Last summer it was a goal of mine to do an Olympic distance triathlon this summer. The Lake St. Louis Triathlon is the closest one to me, so I kept a watch on it knowing that it has filled up quickly in the past. When the information about it was released, there was a change in the bike course for this year—due to road construction in the area, the long and short course would have the same bike route of 15 miles. Well, there went my goal of doing an Olympic distance race this year.
I debated whether I should even sign up for it or not because of that distance change. It also irritated me that the price wasn’t decreased. I get that it takes a lot to put one of these races together, but I didn’t think it was fair to charge the full amount when we weren’t getting to do the full distance. That, or I feel like they could have found a way to do the full 25 miles for the bike. The race organizers did limit the number of registrants by almost half to help with the changed bike course and congestion.
Those feelings aside, I went ahead and signed up. I have a USAT membership and I wanted to make use of it. New Town had already removed the USAT sanction from that event, so I wasn’t getting my money’s worth yet. However, I felt like I could still get a feel for the event by doing the full distance of the swim and run portion. Plus, there was one free practice swim included for registrants. (Practice swims for the New Town tri cost extra).
I did the practice swim the week before and felt really good about it. It was going to be my longest open-water swim event, so I wanted to be familiar with the course before hand. I drove the bike course afterwards, making mental notes about various things. There here hills, but nothing terrible. Plus it was only 15 miles.
I just felt like something was off that whole morning. We made it out there just fine, but that was the last that went smoothly that morning.
• Walking into the transition area, we noticed how narrow the bike and run in/out areas were, along with the amount of room available when crossing the finish line. Not a super big deal, but there would likely be congestion. Noted.
• I had a difficult time finding where I should rack my bike. I was used to looking for a group based on my bib number, but instead we were grouped by our swim wave start. I know every race is different, so I just brushed that off and got settled into a spot.
• Since our ankle tracker wasn’t given to us in our packets, I had to go find that along with body marking. Well those two areas weren’t clearly marked, and most racers didn’t know where they were going. I felt like it was disorganized, but again, I tried brushing that off.
• After the first group of racers got in the water, the sky started to look not-so-promising and there was an extra wait while the weather was being checked out. That’s totally fine because when it comes to swimming in water, you want to make sure it’s safe. Well, I think we waited a bit too long. I was 2/3rds of the way through my swim (feeling pretty good), when all racers were stopped, told get out of the water, and directed to the closest way out. That meant the swim portion was being cut short and no longer mattered. So then I had to run through a random part of a neighborhood and find my way back to the transition area. I had hunt down a race worker and verify that we were still doing the bike portion because none of the racers really knew what was going on.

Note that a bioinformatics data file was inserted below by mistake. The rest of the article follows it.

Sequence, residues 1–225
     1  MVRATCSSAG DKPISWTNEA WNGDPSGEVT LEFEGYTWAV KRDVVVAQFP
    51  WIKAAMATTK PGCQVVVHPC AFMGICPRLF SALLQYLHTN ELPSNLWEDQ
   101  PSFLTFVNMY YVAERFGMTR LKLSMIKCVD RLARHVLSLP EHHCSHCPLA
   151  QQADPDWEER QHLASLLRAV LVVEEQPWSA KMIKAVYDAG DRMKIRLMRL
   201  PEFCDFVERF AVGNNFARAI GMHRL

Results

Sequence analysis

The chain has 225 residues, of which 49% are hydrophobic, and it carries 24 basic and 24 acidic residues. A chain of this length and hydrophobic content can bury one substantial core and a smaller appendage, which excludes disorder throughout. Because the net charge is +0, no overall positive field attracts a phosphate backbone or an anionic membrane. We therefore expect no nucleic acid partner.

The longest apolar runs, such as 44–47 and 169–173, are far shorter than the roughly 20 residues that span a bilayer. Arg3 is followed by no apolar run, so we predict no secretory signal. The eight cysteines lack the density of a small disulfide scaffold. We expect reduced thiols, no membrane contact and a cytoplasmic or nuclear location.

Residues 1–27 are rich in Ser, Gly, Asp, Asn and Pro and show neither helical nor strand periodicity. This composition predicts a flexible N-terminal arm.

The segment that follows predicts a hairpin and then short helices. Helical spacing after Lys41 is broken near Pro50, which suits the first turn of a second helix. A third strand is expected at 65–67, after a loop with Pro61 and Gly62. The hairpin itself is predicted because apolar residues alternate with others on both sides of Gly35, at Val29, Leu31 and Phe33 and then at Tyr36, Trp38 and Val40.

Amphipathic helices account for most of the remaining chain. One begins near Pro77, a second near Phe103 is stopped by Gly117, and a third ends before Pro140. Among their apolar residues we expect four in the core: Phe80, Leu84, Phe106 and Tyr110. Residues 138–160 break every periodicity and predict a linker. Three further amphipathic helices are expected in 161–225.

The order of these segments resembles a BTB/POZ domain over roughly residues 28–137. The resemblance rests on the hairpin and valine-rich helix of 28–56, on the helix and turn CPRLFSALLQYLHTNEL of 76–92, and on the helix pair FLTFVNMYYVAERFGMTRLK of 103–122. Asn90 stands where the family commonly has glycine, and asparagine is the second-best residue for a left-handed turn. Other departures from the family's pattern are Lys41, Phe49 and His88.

• Did I mention I got kicked in the face during the start of the swim? Because I did and it wasn’t pleasant.
• Almost all of the racers got out on the course at the same time, so it was crowded. Whatever, I can deal. But then maybe two miles into the race, there were pretty scary lightning bolts right in the direction we were heading. Not just thin ones that move across the sky, but thick, bright ones going straight down. Then it started raining heavier with bigger drops. I was almost to the halfway / turn around point when racers were stopped and told the race was officially cancelled.
At that point I was flat out annoyed. Why in the world, if we were pulled out of the lake because of lightning, would we be sent out to continue the race? I realize it’s up the athlete’s discretion to continue on in inclement weather, but I feel like the race wasn’t handled the best. It’s just not the racer’s safety that has to be taken into consideration, it’s the volunteers and spectators, too. I was in the middle of no where, so it’s not like I could have found shelter if I had needed to.
On the way back the rain started coming down even harder and the temperature had dropped so I was quite cold. Everyone out on the bike course kind of hurried to get back to get out of the oncoming storm, but at the same time took their time because it was no longer a race. I’m honestly not sure if I will sign back up for this race next year. I realize that some of the things that happened wasn’t the race organizer’s fault, but looking back on how things felt super disorganized and how the weather situation was handled doesn’t really entice me to try it again. We’ll see how I feel in the spring when the new information on the event comes out.
So the race didn’t exactly go as planned, but I’m still glad I got a taste of how this race worked. I don’t have any races coming up for this fall, but I have a few goals in mind. The first one is conquering a specific hill near where I live.